Judge Henry E. Hudson may be the most powerful man you have never heard of. As a federal district court judge in Richmond, VA, he will decide — before year’s end, he now asserts — on a challenge to the recently passed federal health care law. The suit, brought by Virginia’s attorney general, Kenneth T. Cuccinelli II, asserts that the provision of the law requiring people to buy health insurance is unconstitutional. While the Supreme Court has ruled that the Commerce Clause of the Constitution allows that body to regulate “activities that substantially affect interstate commerce,” the question that Hudson must decide is: does the failure to do something — in this case, the act of buying insurance — constitute an “activity,” albeit a passive one, that can be lawfully regulated by Congress?
If he says no, and he is expected to say no, then the suit will no doubt be appealed all the way to the Supreme Court, but the really awkward question is, this one: if Hudson rules against the federal government on this narrow issue, will he, at the same time enjoin the entire law, blocking its enforcement and creating havoc in the health care industry?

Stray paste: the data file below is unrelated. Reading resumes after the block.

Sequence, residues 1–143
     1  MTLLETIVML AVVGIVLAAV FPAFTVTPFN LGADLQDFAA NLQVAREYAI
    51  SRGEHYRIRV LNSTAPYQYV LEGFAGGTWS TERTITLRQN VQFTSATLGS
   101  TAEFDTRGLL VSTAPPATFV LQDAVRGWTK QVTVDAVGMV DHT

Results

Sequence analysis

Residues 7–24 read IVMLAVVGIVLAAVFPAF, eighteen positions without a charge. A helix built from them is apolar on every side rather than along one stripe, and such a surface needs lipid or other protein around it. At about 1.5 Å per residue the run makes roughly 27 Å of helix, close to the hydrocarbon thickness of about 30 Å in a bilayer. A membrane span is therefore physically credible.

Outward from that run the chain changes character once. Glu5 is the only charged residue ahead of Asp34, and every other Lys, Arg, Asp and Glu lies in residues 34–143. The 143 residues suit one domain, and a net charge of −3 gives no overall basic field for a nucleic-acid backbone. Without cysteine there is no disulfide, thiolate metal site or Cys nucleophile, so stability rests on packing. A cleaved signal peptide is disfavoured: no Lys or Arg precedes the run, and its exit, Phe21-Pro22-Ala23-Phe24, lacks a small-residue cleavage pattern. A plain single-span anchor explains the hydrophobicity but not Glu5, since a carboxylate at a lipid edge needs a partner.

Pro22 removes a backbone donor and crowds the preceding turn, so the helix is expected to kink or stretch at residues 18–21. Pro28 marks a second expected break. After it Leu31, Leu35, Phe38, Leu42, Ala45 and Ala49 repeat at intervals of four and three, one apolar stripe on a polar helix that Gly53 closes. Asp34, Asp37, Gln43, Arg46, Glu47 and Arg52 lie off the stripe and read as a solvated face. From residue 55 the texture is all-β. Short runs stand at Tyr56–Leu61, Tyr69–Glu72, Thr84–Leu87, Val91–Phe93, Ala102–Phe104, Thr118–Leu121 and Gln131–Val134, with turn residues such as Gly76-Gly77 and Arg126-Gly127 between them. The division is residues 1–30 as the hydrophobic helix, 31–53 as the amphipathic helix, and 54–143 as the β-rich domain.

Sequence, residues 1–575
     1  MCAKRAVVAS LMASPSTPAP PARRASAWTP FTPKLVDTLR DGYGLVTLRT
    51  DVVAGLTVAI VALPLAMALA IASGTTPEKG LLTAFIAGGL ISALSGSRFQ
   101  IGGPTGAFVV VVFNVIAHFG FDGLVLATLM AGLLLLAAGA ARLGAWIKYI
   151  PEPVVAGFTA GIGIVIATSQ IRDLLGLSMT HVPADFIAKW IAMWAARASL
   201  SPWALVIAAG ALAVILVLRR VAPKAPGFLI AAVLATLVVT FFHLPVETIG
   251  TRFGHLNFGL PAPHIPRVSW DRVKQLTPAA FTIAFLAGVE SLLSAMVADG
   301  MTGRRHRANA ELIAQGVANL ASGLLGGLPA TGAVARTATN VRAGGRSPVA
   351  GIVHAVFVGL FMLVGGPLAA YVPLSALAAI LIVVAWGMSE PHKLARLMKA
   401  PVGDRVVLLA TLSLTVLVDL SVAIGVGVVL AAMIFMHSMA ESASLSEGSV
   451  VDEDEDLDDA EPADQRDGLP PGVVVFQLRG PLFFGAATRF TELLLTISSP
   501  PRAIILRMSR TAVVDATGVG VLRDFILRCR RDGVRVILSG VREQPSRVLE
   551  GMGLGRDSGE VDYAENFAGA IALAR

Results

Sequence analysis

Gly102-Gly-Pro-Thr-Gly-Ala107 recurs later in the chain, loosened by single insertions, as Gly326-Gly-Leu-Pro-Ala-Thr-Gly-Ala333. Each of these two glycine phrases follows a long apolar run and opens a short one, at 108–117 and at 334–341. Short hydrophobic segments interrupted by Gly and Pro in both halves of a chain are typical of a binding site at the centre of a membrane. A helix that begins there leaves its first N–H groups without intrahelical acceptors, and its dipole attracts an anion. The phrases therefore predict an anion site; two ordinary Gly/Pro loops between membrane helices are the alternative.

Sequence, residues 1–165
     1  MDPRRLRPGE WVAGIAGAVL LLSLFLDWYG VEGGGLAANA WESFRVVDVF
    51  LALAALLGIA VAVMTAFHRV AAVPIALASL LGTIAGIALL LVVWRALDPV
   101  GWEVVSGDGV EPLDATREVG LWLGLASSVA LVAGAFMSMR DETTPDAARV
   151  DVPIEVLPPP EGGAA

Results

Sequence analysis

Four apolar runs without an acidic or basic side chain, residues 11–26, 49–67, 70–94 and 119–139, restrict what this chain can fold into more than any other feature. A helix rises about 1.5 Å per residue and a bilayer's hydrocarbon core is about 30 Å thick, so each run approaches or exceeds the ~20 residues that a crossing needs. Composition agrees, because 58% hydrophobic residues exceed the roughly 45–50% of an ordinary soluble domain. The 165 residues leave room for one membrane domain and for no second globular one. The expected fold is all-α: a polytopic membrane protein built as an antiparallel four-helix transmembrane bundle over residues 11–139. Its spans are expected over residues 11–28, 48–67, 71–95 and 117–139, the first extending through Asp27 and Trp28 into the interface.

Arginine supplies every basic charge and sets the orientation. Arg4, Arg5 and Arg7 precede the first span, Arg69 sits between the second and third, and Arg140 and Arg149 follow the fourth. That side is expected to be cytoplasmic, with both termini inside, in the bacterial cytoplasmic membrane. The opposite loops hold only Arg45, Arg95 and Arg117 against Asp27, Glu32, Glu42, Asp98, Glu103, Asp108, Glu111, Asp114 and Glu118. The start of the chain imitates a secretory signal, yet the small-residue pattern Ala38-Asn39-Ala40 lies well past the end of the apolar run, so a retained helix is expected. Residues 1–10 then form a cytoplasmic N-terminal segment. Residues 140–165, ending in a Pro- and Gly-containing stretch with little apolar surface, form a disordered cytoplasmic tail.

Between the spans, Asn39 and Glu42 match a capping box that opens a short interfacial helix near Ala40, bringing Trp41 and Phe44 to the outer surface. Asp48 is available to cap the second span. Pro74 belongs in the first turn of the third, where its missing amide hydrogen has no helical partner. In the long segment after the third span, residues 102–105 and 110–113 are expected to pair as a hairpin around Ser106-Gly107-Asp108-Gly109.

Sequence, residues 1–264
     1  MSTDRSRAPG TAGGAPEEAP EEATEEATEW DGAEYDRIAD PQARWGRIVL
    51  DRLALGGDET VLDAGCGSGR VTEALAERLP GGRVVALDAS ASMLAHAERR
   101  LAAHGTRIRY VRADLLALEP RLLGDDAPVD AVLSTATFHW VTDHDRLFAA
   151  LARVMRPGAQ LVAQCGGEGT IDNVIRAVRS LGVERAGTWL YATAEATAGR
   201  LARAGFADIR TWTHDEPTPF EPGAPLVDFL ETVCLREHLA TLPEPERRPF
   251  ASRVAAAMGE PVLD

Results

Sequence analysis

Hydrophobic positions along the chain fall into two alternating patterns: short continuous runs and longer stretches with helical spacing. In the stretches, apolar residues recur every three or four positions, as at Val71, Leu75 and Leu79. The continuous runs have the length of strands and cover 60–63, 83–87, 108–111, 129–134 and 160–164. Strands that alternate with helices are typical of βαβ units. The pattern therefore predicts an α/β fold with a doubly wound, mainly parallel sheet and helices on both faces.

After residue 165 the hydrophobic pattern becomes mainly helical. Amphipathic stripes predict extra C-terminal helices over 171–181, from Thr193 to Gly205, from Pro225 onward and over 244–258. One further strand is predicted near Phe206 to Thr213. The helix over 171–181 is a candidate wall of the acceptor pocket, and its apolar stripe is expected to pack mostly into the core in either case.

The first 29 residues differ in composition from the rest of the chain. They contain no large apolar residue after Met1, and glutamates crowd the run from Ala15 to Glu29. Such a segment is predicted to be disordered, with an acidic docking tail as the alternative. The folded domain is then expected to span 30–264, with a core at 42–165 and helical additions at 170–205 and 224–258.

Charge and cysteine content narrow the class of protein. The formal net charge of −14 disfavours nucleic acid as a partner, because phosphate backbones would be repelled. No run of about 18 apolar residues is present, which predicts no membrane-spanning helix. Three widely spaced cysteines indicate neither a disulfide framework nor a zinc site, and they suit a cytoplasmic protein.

Cuccinelli wants him to do just that. Along with officials in at least 20 other states with similar law suits, he had underscored that Congress failed to write “severability” language into the law that would shield other parts if this one requirement were struck down.
Hudson may not be well known, but he is no stranger to the spotlight: in 2007, it was he sentenced NFL quarterback Michael Vick to prison for the football player’s involvement in a dog fighting venture.